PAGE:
Rain reveals Arroyo Seco's winter character
|<b>January 10, 2018</b> - Reg Green depicts the wondrous winter character of the Arroyo Seco and salutes ASF's goal of retaining its unique character.|
After eight rainless months, as seen in this Jan. 7 photo, the Arroyo Seco is an inoffensive trickle, the weir it flows over two miles or so upstream from JPL a dry walk. (Reg Green)
For months, as happens every year through the rainless season, the Arroyo Seco has been getting smaller and smaller, just as the vegetation around it has been getting drier and drier.
It still gurgles cheerfully on, the only all-round stream in 50 square miles. But by last Sunday the weir a couple of miles above JPL, over which the water spreads itself whenever it can — and through which hikers and bikers take pleasure in splashing — was quite dry, an arid slab of concrete, looking like an abandoned building site.
By Tuesday, however, after just one day of steady but, at times, pounding rain, all that had changed. What was a trickle 'round one edge of the slab was now a flood. The entire weir was submerged under a racing wall of water that no one could have stood up against.
On Jan. 9, after a day of steady rain, the weir is submerged under a runaway flood, a walk across it not recommended. (Reg Green)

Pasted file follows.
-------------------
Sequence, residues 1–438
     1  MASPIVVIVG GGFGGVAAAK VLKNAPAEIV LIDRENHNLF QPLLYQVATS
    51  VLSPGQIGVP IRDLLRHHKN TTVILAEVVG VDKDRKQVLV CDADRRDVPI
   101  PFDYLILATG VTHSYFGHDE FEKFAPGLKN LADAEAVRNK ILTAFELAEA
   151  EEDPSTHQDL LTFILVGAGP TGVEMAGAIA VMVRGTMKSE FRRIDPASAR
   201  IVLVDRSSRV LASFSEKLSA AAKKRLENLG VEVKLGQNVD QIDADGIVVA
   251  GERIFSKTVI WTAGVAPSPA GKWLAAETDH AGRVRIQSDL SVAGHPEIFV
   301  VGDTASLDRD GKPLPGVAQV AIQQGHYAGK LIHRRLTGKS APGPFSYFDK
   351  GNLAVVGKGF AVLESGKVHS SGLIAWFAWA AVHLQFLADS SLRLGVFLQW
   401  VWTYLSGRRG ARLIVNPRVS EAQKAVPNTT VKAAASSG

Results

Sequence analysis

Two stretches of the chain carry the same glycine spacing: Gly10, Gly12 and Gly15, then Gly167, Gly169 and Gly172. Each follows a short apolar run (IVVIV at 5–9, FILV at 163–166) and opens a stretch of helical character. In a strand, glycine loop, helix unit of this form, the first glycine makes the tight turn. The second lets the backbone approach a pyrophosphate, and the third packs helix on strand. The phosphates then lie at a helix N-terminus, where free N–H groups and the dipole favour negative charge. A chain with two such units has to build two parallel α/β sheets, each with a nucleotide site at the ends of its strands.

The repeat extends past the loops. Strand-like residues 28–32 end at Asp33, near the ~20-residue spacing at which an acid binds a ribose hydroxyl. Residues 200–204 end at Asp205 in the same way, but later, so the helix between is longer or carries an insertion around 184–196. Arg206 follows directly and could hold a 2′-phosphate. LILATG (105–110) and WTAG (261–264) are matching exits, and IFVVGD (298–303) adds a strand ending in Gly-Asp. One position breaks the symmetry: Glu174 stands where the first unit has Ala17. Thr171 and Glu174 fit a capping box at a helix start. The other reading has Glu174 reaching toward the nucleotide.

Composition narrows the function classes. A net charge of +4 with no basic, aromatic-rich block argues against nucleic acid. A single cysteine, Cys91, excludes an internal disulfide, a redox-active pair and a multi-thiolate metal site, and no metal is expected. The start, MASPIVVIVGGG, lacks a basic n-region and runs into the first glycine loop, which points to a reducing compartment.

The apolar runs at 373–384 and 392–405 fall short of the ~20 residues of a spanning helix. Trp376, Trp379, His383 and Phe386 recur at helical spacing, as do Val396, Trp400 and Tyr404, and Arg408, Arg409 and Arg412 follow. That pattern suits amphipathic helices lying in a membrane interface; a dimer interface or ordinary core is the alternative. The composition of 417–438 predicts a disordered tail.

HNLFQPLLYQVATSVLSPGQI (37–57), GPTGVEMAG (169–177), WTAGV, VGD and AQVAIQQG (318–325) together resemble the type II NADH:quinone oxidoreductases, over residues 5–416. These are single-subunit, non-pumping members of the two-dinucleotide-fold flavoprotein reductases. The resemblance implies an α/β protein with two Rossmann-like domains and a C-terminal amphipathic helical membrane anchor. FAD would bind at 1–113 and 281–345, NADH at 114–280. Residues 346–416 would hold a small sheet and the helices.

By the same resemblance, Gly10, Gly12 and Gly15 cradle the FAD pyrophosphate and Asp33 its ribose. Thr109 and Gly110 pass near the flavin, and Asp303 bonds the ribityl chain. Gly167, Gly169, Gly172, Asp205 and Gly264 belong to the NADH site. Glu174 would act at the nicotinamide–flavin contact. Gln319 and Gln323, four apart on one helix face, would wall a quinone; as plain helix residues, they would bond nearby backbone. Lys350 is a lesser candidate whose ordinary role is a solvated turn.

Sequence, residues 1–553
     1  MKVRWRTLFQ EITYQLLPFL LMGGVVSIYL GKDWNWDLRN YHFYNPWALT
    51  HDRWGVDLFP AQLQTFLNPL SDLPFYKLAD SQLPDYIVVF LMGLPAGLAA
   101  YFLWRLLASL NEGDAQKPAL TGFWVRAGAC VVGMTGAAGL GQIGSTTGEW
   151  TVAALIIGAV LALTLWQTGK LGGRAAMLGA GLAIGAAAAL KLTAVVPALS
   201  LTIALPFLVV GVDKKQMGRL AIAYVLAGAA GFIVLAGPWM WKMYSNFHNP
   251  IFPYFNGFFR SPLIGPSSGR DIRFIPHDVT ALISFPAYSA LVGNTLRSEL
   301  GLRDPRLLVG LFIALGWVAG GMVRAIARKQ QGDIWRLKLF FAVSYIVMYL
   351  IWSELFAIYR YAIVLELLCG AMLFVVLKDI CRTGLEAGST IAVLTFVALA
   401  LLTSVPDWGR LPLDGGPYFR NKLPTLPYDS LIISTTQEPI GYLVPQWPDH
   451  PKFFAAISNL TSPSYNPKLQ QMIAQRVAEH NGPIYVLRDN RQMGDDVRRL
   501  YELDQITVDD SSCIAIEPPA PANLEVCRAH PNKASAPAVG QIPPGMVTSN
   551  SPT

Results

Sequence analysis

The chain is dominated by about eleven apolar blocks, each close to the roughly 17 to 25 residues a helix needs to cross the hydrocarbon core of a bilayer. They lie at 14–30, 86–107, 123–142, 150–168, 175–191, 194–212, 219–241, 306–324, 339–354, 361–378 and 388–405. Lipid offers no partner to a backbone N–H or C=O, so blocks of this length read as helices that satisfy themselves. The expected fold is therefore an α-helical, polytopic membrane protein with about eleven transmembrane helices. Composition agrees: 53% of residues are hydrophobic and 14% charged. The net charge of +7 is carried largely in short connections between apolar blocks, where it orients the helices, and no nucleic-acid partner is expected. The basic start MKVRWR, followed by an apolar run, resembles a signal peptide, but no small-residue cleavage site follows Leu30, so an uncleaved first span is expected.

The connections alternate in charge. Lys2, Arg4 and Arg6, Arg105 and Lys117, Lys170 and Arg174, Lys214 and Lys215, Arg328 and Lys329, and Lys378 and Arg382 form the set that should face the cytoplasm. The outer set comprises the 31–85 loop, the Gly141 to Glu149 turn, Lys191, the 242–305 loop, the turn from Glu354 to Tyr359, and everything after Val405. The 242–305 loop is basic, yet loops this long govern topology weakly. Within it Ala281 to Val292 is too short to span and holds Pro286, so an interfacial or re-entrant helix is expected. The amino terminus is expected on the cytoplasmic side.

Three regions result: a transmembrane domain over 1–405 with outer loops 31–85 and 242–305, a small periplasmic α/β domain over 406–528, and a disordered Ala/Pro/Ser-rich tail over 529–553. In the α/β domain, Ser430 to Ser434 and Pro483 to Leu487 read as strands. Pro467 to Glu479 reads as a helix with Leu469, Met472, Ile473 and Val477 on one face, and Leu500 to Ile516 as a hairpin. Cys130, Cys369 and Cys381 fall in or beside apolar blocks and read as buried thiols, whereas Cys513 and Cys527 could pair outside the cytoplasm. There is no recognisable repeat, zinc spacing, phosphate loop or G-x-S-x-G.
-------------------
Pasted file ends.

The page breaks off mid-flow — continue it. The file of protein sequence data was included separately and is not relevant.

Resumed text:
It is only when the river is full like this and bounding over the boulders in its path that you realize the steepness of its descent. It becomes a classic mountain river, fed from innumerable little valleys that, except for a few days a year, are dry as a desert. With 1,000-foot canyon walls towering above it, the valley is then truly magnificent, the Scottish Highlands grafted onto Southern California.
No wonder the Arroyo Seco Foundation is anxious to maintain its unique character. We should all be.
Reg Green lives in La Cañada Flintridge. (www.nicholasgreen.org)
Arroyo Seco Foundation, 570 W. Avenue 26 #450, Los Angeles, CA 90065-1011
PO Box 91622, Pasadena, CA 91109-1622 (323) 405-7326 email@example.com